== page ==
Friday, June 8, 2012

Artists Corner: Baritone Marco Nisticò

Artists Corner:  Artistic Administrator, Greg Trupiano, interviews baritone Marco Nisticò and his thoughts on making his role debut as the jester Rigoletto this fall. 
Greg Trupiano, Artistic Administrator of Sarasota Opera, here.  I recently had the pleasure to chat with one of Sarasota audiences’ favorite singers, baritone Marco Nisticò. Marco returns for the fall production as the title character in Rigoletto, having last been heard with the company as Sharpless in Madama Butterfly. Since last year, he has appeared as Dulcamara in L’elisir d’amore at the Landestheater Bregenz in Austria, as well as singing Guglielmo in Così fan tutte at Italy’s Teatro Regio di Torino.

Baritone Marco Nisticò
I asked Marco about his thoughts as he prepared to sing the role of Rigoletto for the first time. Here are some of the things that Marco says about his next assignment at Sarasota Opera.
“For a baritone, the title role of Rigoletto is as good as it gets. Vocally it’s a very rewarding opera but also challenging because of its dramatic intensity and length. There are qualities in Rigoletto’s character that I can relate to. Rigoletto loves his daughter, and even though I don’t have children myself, I can identify with this feeling through my love of my own family. Also, Rigoletto sings lovingly about his deceased wife who felt such pity for him and loved him despite his deformity. Rigoletto is a complex character. I do not think he is evil at all. Whatever he does he does because he is trying to protect his daughter from a serious threat to her honor.”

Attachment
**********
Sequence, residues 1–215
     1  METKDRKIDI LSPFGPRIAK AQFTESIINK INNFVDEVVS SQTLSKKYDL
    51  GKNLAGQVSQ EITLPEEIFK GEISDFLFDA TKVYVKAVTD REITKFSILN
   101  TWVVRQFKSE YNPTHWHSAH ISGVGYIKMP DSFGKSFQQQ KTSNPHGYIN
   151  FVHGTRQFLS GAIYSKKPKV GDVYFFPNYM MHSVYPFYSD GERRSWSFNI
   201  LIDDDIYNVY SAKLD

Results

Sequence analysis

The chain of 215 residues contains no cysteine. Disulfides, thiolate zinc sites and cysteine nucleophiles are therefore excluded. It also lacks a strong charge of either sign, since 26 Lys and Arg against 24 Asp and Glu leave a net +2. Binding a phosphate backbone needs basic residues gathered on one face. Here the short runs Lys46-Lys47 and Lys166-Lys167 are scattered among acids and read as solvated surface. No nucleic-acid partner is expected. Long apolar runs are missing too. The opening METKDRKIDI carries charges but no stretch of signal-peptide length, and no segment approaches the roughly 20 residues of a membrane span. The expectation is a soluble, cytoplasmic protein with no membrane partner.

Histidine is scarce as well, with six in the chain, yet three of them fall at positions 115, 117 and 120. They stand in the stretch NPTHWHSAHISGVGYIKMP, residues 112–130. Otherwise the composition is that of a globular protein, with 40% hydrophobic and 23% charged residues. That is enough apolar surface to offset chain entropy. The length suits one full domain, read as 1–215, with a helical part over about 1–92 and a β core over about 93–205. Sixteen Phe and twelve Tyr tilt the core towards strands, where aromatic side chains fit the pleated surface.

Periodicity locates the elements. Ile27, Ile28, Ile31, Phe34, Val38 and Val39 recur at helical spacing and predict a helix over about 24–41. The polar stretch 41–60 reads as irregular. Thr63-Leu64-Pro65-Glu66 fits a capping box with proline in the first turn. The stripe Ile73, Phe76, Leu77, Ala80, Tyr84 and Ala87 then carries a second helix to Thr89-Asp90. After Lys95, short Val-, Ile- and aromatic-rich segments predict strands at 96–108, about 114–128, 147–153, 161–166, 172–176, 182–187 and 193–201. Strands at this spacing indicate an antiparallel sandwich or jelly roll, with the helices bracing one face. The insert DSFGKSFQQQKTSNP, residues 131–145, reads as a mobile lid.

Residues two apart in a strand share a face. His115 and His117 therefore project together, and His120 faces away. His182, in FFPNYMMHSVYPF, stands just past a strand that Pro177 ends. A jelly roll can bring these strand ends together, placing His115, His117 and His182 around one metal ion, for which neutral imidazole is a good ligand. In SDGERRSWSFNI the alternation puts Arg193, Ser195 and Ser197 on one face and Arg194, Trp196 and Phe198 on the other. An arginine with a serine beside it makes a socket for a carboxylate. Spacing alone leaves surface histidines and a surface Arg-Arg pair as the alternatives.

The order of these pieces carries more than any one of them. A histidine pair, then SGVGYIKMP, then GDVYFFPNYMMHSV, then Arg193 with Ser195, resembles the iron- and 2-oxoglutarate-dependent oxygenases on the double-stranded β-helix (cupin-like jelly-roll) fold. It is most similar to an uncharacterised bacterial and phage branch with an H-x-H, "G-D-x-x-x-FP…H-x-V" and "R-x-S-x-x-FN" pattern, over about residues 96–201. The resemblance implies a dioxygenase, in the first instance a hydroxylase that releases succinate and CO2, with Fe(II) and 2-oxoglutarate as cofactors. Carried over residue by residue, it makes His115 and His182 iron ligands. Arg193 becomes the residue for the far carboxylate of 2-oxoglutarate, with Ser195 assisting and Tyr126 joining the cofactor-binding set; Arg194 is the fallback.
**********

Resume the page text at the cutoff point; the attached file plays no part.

Marco continues, “Performing Rigoletto is a personal achievement, a place I arrive at after having performed a number of Verdi roles. Maestro DeRenzi has taught me to sing Verdi by producing a strong vocal line. When I work with Maestro DeRenzi, I trust what is going on because artistic decisions come from a place of respect for the opera and respect for me. When you work on an opera by a great composer, a crazy staging doesn’t work. You must go with the music and not against it. With a great composer, 90% of the work is done for you. It’s your job to believe in it.”
Because it is such a challenging role, Marco has been working on the music for months, long before arriving in Sarasota. But even before then, he started to learn the role of Rigoletto; it’s a dream role for any baritone.

I concluded my conversation with Marco by asking him what other roles he would like to perform after Rigoletto. He said, “I would love the chance to sing the roles of Macbeth and Simon Boccanegra. Please note that these are major characters, sung by baritones—not tenors-- that have the operas named after them!”

Don't miss your chance to see Marco make this important debut this season.  Performances run October 26 through November 12, 2012.  More information can be found at

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